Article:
Before a property owner spends that kind of money, though, Hammett says they need to make sure there’s a way to get their syrup beyond festival sales and into supermarkets. “It’s not just ‘let’s boil more sap,’” Hammett says.
Virginia doesn’t like to think of itself as running behind West Virginia in, well, anything, but here’s a field where West Virginia is far ahead of us. According to federal statistics, Highland County alone produces more maple syrup than all of West Virginia — yet West Virginia last year won a $203,000 million federal grant to study how to grow a bigger maple industry. (Curiously, some of that research involves Virginia Tech and is taking place in Highland County, specifically at Laurel Fork Sapsuckers. That operation is run by timberman Ronnie Moyers, who has kept intensive records of how he’s thinned his woods to encourage the sugar maples, and how they’ve produced more sap as a result).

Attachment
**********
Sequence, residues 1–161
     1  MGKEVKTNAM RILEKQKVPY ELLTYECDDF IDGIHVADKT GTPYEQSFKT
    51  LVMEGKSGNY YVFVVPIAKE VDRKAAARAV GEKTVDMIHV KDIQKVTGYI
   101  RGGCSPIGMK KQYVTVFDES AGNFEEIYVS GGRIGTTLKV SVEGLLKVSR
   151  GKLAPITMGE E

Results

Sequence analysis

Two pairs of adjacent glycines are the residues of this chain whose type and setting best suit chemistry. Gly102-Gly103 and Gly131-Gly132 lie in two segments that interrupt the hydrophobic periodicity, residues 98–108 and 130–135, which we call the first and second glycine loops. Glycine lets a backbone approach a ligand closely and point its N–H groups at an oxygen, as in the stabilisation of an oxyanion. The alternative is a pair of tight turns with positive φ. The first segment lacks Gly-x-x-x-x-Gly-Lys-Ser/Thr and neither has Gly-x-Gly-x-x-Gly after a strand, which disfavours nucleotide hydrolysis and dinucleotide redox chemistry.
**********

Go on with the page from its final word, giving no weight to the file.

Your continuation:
Virginia will never be Vermont (and certainly not Quebec), so maple syrup will never be a full-time operation here. However, Hammett touts several reasons why the Virginia Department of Agriculture and Consumer Services should follow West Virginia and encourage property owners to turn to maple production: It’s extra income, and the maple season comes at what is otherwise an off-time for farmers.
There is some concern that a changing climate could squeeze out southern producers, although so far Hammett says maple farmers aren’t seeing decreased production — just faster flow in a shorter period of time.
Those may not be things you think about if visit Highland and try some syrup-covered pancakes this weekend or next. But others are.